Publishing information ○ ○ ○ ○ ○ ○ ○ ○ ○ ○ ○ ○ ○ ○ ○ ○ ○ ○

Claudia Caminha Escosteguy Escosteguy,, MD, PhD. Hospital dos Servidores do Estado/Ministry of Health, Rio de Janeiro, Brazil. Mar gareth Crisóstomo Por tela, PhD. National School Portela, Margareth of Public Health, Osvaldo Cruz Institute-Foundation, Rio de Janeiro, Brazil. Maurício T eixeira Leite de V asconcellos, PhD. Teixeira Vasconcellos, Brazilian Institute of Geography and Statistics, Rio de Janeiro, Brazil. Rober to de Andrade Medr onho, MD, PhD. NESC, Roberto Medronho, Federal University of Rio de Janeiro, Hospital dos Servidores do Estado/Ministry of Health, Rio de Janeiro, Brazil. Sources of funding: none Conflict of interest: none Last received: 21 June 2001 Accepted: 7 August 2001 Address for correspondence: Claudia Caminha Escosteguy

Serviço de Epidemiologia Hospital dos Servidores do Estado/Ministério da Saúde Rua Sacadura Cabral 178, Saúde, Rio de Janeiro/RJ – Brasil - CEP 20221-903 Tel. (+55 21) 527-4553/291-3131 ext 3235 Fax (+55 21) 516-1539 E-mail: [email protected]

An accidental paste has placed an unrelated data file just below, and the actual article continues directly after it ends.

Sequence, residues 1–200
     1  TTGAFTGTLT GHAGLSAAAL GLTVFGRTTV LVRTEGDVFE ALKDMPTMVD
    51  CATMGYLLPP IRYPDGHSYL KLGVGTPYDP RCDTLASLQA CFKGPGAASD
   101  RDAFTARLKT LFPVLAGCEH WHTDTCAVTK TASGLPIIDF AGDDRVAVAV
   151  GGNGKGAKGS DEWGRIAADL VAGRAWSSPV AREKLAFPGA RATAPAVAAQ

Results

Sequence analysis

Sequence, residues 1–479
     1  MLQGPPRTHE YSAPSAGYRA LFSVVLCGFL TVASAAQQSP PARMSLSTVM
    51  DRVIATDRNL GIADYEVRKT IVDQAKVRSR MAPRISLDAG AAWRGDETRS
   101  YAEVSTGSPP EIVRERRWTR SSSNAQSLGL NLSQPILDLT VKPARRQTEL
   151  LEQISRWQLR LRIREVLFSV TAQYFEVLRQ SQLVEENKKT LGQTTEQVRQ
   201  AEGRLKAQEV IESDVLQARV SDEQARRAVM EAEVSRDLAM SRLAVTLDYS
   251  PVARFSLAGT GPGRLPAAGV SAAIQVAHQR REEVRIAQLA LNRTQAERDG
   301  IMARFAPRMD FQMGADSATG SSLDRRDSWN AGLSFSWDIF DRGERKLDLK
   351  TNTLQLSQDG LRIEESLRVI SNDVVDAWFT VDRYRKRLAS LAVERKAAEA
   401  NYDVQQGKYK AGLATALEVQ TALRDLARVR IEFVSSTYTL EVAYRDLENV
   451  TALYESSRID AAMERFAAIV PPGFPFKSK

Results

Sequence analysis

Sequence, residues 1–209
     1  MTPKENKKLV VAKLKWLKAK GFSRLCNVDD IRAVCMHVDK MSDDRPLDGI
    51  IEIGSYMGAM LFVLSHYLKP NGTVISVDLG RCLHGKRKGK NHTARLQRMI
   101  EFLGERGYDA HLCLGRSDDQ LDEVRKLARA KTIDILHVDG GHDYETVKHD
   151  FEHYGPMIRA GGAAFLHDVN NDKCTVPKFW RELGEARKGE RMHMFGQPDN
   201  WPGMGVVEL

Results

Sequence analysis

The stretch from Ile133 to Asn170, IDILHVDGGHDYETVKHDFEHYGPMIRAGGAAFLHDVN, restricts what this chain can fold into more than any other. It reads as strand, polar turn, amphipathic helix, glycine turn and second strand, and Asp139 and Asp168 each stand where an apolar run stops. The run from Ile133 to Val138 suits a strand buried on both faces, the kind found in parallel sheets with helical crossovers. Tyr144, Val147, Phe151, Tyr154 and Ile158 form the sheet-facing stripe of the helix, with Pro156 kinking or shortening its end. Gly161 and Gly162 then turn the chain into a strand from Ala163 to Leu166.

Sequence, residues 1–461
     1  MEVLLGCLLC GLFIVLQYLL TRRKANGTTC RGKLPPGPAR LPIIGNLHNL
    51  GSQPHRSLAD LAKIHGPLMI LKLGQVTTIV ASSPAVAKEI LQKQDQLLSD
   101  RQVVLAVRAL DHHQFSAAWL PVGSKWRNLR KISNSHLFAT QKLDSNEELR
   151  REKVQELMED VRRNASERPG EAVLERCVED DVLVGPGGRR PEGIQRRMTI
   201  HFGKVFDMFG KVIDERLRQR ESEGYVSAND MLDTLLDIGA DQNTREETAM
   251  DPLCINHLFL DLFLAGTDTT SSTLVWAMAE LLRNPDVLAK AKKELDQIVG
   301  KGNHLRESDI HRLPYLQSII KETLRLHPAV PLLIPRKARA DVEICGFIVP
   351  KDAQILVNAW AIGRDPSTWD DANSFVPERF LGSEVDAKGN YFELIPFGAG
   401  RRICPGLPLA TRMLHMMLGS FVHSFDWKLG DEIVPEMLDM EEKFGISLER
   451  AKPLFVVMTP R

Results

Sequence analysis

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1999;33:1533-39. 20. Escosteguy CC, Medronho RA, Portela MP. Evaluation of the hospital mortality of acute myocardial infarction in Rio de Janeiro using the SUS Hospital Information System. Cadernos de Saúde Coletiva 1999;7:39-59. 21. Escosteguy CC. Evaluation of the quality of the acute myocardial infarction hospital care in the municipal district of Rio de Janeiro. Thesis, PhD. Rio de Janeiro: Escola Nacional de Saúde Pública/ FIOCRUZ; 2000. 22. Cochran WG. Sampling Techniques. 3rd Ed. New York: John Wiley & Sons; 1977. 23. WHO MONICA (Multinational Monitoring of Trends and Determinants in Cardiovascular Disease) Project. Myocardial infarction and coronary death in the World Health Organization MONICA project: registration procedures, event rates, and casefatality rates in 38 populations from 21 countries in four continents. Circulation 1994;90:583-612. 24. Killip T, Kimball JT. Treatment of myocardial infarction in a coronary care unit: a two-year experience with 250 patients. Am J Cardiol 1967;20:457-464.